Florence Itineraries

Sensational Florence a city with skyline sculpted by cathedrals and places

1. An introduction and brief history to this wonderful city

Florence is the cultural centre of Italy, and perhaps the western world.  Florence has a skyline sculpted by cathedrals and palaces, laden with history and famous for its robust cuisine and genteel charm.

Hope you enjoy it!  Carpe Diem!

Spend your days lost in galleries & nights at authentic trattorias in this beautiful birthplace of Renaissance.   Towers and places evoke a thousand tales of its medieval past; designer boutiques and artisan workshops stud its streets; and there’s a buzzing café, restaurant and bar scene.  Centre of the Renaissance Universe and home of Machiavelli, Michelangelo and the Medici, this is a magnetic, romantic and above all a memorable city.


Laden with grand-slam slights and experiences, Florence offers the perfect introduction to Italy’s famed dolce vita.  It truly does have it all: extraordinary art and architecture, magnificent landscapes, vibrant festivals and a seasonally driven cuisine that is emulated the world over.  There are few places in the world where food, fashion, art and nature intermingle so effortlessly and to such magnificent effect.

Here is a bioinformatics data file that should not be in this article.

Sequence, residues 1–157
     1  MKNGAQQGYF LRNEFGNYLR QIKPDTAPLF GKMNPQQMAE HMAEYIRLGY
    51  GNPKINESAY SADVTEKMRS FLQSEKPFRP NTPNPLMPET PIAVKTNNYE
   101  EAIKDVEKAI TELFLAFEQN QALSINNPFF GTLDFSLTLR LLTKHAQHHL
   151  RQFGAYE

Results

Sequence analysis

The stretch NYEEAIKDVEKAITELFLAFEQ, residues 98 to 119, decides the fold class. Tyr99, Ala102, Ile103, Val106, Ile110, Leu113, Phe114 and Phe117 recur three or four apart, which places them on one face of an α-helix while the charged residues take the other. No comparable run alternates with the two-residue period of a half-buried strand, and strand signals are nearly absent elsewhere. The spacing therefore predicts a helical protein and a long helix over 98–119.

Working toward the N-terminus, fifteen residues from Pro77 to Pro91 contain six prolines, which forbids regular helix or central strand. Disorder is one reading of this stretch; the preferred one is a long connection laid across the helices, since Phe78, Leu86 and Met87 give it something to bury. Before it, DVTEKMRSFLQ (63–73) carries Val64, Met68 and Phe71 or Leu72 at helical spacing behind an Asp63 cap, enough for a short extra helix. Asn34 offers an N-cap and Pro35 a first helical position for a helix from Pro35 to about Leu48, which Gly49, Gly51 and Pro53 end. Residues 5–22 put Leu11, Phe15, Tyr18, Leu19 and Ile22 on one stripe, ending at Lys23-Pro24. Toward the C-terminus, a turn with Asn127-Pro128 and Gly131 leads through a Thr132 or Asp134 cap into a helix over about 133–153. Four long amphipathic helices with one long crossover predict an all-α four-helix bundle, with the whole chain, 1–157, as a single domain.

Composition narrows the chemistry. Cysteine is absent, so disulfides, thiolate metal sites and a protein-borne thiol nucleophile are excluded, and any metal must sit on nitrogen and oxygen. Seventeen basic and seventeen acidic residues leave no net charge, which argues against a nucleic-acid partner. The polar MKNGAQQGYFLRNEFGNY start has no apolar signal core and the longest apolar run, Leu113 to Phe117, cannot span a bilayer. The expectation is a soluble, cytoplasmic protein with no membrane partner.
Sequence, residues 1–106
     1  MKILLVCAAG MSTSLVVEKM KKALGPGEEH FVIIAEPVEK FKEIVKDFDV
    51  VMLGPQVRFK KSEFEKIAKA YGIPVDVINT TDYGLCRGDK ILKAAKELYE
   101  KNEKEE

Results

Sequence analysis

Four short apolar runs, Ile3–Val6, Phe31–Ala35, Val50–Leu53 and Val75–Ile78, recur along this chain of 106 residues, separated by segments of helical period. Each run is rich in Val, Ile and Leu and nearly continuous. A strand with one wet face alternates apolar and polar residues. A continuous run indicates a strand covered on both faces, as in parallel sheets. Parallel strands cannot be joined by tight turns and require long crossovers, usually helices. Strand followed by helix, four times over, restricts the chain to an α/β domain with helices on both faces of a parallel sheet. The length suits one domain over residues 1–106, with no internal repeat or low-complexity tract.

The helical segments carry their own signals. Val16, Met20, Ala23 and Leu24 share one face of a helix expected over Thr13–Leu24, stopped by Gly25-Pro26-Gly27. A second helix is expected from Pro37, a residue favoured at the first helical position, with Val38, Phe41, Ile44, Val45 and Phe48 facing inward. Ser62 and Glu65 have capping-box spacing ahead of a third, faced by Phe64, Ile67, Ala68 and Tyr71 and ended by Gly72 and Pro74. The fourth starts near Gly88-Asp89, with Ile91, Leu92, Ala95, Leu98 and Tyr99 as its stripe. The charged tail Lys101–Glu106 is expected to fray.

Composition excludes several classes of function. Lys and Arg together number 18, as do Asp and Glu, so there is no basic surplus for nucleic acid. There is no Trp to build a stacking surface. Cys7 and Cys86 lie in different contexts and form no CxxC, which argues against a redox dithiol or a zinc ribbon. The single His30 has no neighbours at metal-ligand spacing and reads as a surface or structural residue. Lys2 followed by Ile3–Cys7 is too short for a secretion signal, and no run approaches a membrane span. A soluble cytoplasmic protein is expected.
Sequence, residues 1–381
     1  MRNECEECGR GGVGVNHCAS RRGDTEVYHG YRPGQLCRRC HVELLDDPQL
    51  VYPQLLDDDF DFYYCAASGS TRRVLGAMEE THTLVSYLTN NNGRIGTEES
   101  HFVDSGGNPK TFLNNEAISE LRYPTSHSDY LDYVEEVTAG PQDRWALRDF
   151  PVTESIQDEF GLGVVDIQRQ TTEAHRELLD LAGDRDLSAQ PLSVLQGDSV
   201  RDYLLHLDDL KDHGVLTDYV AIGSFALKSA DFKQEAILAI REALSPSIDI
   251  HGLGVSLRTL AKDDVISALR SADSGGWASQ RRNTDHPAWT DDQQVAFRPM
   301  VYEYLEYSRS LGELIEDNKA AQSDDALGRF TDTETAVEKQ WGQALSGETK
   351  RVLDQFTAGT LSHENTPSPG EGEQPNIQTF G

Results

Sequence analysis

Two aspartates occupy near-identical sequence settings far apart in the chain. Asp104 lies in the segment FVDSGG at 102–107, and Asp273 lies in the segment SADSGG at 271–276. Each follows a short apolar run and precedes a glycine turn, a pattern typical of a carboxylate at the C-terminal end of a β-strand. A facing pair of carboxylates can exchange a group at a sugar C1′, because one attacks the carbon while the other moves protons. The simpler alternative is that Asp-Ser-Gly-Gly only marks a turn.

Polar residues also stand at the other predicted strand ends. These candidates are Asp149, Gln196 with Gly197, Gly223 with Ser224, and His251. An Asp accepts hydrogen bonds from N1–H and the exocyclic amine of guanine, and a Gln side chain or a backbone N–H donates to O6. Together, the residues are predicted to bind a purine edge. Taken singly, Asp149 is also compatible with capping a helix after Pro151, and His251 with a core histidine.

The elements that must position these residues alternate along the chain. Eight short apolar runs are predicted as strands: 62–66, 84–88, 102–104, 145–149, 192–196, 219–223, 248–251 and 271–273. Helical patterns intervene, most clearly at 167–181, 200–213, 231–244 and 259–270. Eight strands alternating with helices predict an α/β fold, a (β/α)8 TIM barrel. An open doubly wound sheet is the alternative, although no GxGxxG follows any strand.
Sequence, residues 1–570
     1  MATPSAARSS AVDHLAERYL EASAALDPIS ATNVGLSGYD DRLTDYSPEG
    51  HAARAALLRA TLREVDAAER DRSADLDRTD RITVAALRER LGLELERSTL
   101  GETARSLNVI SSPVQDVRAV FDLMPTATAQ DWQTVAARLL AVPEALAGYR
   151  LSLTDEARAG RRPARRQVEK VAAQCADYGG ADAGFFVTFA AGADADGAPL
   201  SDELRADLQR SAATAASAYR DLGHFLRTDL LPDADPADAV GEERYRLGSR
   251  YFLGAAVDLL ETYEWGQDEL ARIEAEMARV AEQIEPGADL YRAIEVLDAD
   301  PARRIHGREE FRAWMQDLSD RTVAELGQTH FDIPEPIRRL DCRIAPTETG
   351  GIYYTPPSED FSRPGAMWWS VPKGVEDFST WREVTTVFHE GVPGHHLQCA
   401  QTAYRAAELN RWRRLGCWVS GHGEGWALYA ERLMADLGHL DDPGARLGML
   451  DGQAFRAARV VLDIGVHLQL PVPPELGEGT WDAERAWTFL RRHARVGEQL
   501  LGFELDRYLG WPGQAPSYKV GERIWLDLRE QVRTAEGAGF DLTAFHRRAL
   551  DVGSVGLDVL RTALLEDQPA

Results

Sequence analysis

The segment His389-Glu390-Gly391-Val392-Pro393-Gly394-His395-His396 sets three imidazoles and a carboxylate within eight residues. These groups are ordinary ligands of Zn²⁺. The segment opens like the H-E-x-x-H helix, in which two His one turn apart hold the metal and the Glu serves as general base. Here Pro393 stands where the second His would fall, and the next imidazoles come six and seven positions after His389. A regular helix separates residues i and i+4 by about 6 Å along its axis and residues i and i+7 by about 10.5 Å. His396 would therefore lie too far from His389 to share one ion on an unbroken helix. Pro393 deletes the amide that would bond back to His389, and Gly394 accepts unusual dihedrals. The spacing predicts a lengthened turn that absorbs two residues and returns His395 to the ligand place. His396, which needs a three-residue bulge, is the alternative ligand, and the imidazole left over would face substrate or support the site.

2. Itineraries:

Day 1:

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8am – Visit the majestic Duomo:

Visit Florence’s and one of Italy’s most iconic landmark  – the magnificent Duomo. Capped by Filippo Brunelleschi’s red-tiled cupola, it’s a staggering construction whose breathtaking pink, white and green marble facade and graceful campanile dominate the Renaissance cityscape.  After seeing the Duomo from all sides and visiting the inside of the cathedral, all you need to do to complete the experience is climb to the top of the cupola!  To see an extraordinary view of Florence climb its 463 steps: the route takes you by the interior of the dome where you can admire Giorgio Vasari’s frescoes of the Last Judgement (1572-9) up close.



11am – Visit the Gothic Baptistry

Visit the Gothic Baptistry to see copies of the bronze East doors dubbed “the gates of Paradise” by Michelangelo.  Make your way to Florence’s Mercato Centrale to join the lunchtime queue at Da Nerbone, which has been in business since 1872. Go local and order trippa alla fiorentina (tripe and tomato stew) or follow the crowd with a feisty panini con bollito (a hefty boiled-beef bun, dunked in the meat’s juices before serving).


Afternoon – A fantastical square of Sculptures: